Coffman recertifies touchscreen voting machines; scanners pending |

Coffman recertifies touchscreen voting machines; scanners pending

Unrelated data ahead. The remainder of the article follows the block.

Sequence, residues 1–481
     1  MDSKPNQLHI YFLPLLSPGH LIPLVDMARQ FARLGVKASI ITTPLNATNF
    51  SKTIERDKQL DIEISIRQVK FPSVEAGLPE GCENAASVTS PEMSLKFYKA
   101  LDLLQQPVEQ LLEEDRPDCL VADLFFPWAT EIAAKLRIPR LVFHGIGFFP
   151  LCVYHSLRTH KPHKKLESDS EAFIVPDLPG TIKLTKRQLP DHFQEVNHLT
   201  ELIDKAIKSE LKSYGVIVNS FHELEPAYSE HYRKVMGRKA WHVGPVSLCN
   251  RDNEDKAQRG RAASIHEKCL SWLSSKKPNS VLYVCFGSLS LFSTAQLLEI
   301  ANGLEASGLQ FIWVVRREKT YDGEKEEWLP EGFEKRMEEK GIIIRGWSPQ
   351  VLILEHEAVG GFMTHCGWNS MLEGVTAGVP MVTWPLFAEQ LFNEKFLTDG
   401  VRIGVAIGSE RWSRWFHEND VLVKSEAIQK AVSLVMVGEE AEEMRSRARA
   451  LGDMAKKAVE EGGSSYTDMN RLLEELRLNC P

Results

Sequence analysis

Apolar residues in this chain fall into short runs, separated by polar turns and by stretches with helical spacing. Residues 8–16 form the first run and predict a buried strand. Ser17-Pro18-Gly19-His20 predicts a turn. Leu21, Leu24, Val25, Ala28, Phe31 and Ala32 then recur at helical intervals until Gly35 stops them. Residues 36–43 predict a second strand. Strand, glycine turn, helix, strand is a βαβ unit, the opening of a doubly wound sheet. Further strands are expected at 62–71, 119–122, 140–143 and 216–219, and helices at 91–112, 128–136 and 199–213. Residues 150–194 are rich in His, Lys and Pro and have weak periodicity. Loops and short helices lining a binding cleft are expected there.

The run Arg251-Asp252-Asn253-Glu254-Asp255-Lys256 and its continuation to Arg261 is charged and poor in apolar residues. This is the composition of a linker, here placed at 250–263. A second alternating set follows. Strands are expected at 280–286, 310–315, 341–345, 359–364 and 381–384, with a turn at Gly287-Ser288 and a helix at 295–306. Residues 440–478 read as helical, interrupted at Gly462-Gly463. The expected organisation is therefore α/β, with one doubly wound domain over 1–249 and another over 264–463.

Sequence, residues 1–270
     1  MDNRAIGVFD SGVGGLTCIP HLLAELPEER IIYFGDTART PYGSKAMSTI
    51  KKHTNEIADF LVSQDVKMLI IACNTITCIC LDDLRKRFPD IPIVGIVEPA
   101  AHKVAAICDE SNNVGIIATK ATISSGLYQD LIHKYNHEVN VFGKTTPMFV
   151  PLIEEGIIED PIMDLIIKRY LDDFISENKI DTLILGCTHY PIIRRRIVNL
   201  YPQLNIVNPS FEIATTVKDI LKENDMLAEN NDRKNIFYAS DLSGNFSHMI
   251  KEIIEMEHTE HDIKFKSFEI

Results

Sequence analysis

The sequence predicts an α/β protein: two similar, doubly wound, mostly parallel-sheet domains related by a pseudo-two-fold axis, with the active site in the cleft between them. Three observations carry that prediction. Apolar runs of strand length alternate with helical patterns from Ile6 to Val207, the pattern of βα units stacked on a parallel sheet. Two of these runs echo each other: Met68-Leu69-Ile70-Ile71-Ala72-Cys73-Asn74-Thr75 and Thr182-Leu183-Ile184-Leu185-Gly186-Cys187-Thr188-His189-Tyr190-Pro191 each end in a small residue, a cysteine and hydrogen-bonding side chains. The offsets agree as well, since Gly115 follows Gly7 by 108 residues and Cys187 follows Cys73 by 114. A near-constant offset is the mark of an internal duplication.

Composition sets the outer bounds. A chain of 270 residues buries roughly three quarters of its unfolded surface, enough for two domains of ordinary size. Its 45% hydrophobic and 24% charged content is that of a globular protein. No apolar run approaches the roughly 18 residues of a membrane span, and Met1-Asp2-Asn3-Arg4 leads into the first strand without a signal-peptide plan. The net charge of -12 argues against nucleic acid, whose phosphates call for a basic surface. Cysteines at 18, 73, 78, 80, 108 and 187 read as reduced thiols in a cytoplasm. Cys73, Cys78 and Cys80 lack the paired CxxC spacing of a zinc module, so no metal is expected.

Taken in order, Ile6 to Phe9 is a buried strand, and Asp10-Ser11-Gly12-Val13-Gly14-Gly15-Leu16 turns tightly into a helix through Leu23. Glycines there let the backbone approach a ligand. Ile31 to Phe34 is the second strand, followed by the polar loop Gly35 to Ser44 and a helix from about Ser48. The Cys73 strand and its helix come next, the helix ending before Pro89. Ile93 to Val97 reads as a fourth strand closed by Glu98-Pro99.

DENVER – Secretary of State Mike Coffman recertified three models of touchscreen voting machines Monday for use in this year’s elections but he hasn’t decided whether to authorize the use of two brands of optical scanners yet.Coffman said Sequoia’s Edge II and Edge II Plus, used in Arapahoe, Denver, Elbert and Pueblo counties, were certified with some restrictions along with the Election Systems and Software’s iVotronic, which is used in Jefferson and Mesa counties.The iVotronic certification, for example, includes a requirement that clerks install a piece of equipment that would be able to stop a magnet from disabling the machine, Coffman spokesman Rich Coolidge said.In December, Coffman disqualified most of the electronic voting equipment used in Colorado because of security and accuracy concerns. State lawmakers then passed a bill allowing him to retest the machines using different fixes to see if they could be used in this year’s primary and general elections.Last week, Coffman held a hearing to demonstrate the machines and the proposed fixes. On Monday he said he wanted to do more testing and consider those comments before making a decision on Hart’s eScan optical scanner and its BallotNow software. He scheduled a meeting with county clerks Tuesday at the Douglas County commissioners hearing room in Castle Rock to discuss the scanner.In a written announcement, Coffman said he was still working to schedule testing of two kinds of optical scanners made by ES&S, the M100 and M650.Because of the uncertainty of how many machines would be available for this year’s elections, legislative leaders and Gov. Bill Ritter have been working on a plan to conduct the elections mainly by paper ballot. However, the state is still required to have electronic voting equipment available for disabled people and for anyone else who asks to use it. The optical scanners are also needed to count the paper ballots.Mike Scarpello, Denver’s election director, said Monday’s decision means Denver is free to use its 240 Edge II touchscreen machines and put one at each polling place. The city’s optical scanners are made by Sequoia and were certified back in December.”We’re happy that now that we can move ahead with the plan that we’ve been contemplating for quite some time,” he said.Denver had been considering conducting a paper ballot election with polling places before lawmakers announced plans to do that statewide. Other counties had pushed for an all-mail election, saying it was the best way to avoid long lines and problems with a new statewide voter database.